Hans Gmoser, an exceptional mountain guide who has contributed much to Canadian tourism and to the training and education of mountain guides across the country, emigrated to Canada in 1951 from Austria, where he was born and educated.
After a few years working as a mountain guide in various regions of Western Canada, Gmoser produced 10 feature-length films on skiing and climbing from 1957 to 1968.
At the same time, he led a number of expeditions to the Yukon and Alaska, including the first ascent of Wickersham Wall on Mt. McKinley, and in 1963 was a founding member of the Association of Canadian Mountain Guides, Chair of the Standards Committee.
In 1965 he founded Canadian Mountain Holidays, which is now the largest heli-skiing company in the world, regularly hiring graduates of UCC's Adventure Guide diploma program.
In 1967 he conducted the first training and certification course for mountain guides in Canada. This work proved useful later when he took a leading role for the Association of Canadian Mountain Guides in integrating ACMG curriculum with UCC's Adventure Guide program in 1992.
"As President of the ACMG, Hans Gmoser's support and endorsement of UCC's Adventure Guide program helped UCC move forward," said UCC Adventure Guide instructor Iain Stewart-Patterson. "Furthermore, his company is a benchmark for heli-skiing companies around the world."
In honour of his many achievements on behalf of mountain guiding and Canadian tourism, Mr. Gmoser received the Order of Canada and was made an Honorary Member of the Alpine Club of Canada in 1986. He received the Summit of Excellence Award at the Banff Mountain Film Festival and was inducted into the Honour Roll of Canadian Skiing in 1989. In 1992 was made an Honorary Member of the International Federation of Mountain Guides Association. From 1990 to 1996 he served as President of the Association of Canadian Mountain Guides, and was made an Honorary President upon his retirement from the position. In 2002, he was inducted into the U.S. Ski Hall of Fame and received the Golden Order of Merit from the Republic of Austria.
Carole began her broadcasting career in Toronto, while still in high school, as a program host for After Four, a television show for youth. This evolved into a long-term relationship with C1V and work on Canada AM and W5 programs. In the following years, she worked for CBC in television and radio, which allowed her to travel the globe and cover stories that became life-changing experiences.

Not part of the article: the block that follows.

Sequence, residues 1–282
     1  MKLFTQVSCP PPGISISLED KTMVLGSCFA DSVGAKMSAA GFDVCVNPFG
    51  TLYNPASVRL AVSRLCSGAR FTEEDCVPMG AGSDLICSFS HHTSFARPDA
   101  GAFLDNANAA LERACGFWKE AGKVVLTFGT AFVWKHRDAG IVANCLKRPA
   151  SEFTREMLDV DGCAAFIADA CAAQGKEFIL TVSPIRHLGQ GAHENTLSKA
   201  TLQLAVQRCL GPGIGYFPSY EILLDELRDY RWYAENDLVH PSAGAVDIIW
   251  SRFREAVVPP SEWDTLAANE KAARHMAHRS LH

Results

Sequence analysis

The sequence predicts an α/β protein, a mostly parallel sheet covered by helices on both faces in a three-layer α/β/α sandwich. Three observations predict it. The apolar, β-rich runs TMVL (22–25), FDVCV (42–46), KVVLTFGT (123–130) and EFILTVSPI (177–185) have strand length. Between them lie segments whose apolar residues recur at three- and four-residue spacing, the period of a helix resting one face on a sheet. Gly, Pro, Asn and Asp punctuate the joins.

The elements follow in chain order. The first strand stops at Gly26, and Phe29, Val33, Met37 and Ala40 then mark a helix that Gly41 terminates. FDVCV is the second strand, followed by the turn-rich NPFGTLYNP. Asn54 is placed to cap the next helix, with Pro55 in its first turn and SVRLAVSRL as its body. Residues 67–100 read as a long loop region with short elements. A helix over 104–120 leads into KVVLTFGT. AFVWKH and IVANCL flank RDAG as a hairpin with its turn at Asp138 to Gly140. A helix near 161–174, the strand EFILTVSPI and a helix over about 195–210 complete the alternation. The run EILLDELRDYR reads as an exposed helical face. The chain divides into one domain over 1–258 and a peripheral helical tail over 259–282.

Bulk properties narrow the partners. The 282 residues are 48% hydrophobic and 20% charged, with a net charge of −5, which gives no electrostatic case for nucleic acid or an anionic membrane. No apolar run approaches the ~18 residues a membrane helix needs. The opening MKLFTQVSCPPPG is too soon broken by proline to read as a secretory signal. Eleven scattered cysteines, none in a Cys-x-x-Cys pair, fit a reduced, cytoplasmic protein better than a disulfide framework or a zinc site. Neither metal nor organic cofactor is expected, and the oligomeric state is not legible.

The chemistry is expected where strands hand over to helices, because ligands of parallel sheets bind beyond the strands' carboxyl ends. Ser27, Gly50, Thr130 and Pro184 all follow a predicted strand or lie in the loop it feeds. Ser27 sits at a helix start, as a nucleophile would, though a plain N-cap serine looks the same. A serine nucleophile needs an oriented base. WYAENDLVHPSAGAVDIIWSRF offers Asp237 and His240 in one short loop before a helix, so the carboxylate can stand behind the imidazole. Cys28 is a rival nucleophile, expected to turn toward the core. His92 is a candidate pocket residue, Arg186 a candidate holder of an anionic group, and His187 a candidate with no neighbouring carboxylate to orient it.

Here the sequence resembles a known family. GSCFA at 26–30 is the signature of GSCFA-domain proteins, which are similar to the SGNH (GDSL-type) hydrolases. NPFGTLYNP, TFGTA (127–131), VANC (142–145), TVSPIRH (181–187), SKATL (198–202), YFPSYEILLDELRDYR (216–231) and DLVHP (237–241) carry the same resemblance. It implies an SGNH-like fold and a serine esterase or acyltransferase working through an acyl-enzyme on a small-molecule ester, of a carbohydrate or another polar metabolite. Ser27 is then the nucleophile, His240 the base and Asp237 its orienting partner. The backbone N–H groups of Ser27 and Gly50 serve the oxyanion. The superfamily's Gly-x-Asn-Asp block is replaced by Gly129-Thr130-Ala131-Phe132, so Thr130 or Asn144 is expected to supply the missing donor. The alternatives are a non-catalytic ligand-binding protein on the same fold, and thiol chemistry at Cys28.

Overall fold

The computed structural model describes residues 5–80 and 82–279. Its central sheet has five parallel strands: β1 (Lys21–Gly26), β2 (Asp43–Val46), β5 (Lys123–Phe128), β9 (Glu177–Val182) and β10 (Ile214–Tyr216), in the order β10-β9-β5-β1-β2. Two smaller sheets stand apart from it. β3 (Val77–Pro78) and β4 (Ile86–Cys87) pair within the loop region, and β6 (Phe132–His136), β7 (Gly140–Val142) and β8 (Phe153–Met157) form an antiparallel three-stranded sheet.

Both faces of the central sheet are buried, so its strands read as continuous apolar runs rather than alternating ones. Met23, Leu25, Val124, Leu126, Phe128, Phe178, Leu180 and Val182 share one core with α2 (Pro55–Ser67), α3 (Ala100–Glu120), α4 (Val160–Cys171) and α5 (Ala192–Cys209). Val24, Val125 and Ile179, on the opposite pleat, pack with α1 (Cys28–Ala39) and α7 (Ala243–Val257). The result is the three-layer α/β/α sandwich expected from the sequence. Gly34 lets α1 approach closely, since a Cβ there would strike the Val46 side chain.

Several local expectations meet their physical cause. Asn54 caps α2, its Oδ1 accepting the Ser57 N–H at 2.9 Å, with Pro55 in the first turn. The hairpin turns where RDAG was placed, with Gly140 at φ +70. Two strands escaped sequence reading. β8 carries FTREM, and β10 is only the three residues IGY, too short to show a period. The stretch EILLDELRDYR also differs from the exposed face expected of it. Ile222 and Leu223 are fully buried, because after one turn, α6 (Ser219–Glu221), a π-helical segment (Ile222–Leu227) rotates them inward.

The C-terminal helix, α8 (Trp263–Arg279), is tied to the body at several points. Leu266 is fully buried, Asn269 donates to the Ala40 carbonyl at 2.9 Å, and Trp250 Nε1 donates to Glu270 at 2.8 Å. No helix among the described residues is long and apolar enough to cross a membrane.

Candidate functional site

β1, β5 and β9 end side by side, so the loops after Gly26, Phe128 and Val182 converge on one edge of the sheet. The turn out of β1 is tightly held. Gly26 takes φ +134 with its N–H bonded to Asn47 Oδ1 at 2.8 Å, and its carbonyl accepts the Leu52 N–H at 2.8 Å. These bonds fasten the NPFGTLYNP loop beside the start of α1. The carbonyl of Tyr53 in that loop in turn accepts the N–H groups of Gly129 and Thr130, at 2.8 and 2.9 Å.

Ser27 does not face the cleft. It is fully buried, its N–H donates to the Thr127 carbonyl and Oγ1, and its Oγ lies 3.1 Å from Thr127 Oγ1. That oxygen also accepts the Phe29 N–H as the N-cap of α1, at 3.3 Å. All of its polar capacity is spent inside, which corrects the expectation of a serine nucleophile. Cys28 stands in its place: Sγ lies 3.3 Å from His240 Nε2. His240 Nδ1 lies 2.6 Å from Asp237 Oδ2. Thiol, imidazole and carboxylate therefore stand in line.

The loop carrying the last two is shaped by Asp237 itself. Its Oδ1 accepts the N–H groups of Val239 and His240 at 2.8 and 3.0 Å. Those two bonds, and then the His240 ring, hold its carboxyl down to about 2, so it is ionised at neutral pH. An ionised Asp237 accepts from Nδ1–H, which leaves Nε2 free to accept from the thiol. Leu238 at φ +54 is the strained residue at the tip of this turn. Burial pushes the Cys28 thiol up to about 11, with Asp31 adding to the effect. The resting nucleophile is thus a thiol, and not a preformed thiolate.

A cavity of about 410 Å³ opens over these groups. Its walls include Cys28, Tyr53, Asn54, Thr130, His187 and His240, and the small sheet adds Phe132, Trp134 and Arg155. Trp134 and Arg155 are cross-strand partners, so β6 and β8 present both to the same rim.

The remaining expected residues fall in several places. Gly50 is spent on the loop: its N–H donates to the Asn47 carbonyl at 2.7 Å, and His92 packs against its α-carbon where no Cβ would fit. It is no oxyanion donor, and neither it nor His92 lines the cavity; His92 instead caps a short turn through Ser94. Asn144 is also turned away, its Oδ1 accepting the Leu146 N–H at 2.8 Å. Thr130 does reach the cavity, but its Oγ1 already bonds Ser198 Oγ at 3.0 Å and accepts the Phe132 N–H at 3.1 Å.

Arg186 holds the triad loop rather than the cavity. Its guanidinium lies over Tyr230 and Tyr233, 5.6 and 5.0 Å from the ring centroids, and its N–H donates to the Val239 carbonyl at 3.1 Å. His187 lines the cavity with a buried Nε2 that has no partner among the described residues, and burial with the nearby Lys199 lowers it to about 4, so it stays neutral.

Having always held a keen interest in politics, Carole entered the political arena in 1986, when she was elected as an Independent for Vancouver City Council and served for two successive terms. During this time, she also served as chair and director for many organizations, including the Neighbourhood, Cultural and Community Services Committee; the Greater Vancouver Hospital District; Vancouver Port Commission; Canada Ports Corporation; and Vancouver Board of Trade. Since July 2001, Carole's primary challenge has been the survival and future of public broadcasting in her appointment as chair of the board of directors at CBC/Radio-Canada.
Carole Taylor served as director of Fairmont Hotels and Resorts and HSBC Holdings in London, among others. In addition, she is serving as governor of the Vancouver Board of Trade. In recognition of her outstanding contributions to the community, Carole was made an Officer of the Order of Canada in May 2001. Simon Fraser University and the British Columbia Institute of Technology have also awarded honorary degrees to Ms. Taylor.
Joan Weir, a prolific author who has contributed much to Canadian letters and to regional historical knowledge, was born in Calgary, later moving to Winnipeg in her high school years. She completed a Bachelor of Arts degree with majors in History and English at the University of Manitoba.
After graduation, Ms. Weir embarked on a professional writing career, writing first for radio, then for television, then settling into researching and writing novels and historical fiction for both young adult and juvenile readers. She moved to Kamloops with her husband Dr. Ormond Weir when he joined the surgical staff at Royal Inland Hospital. They have four sons: Ian, Paul, Michael and Richard.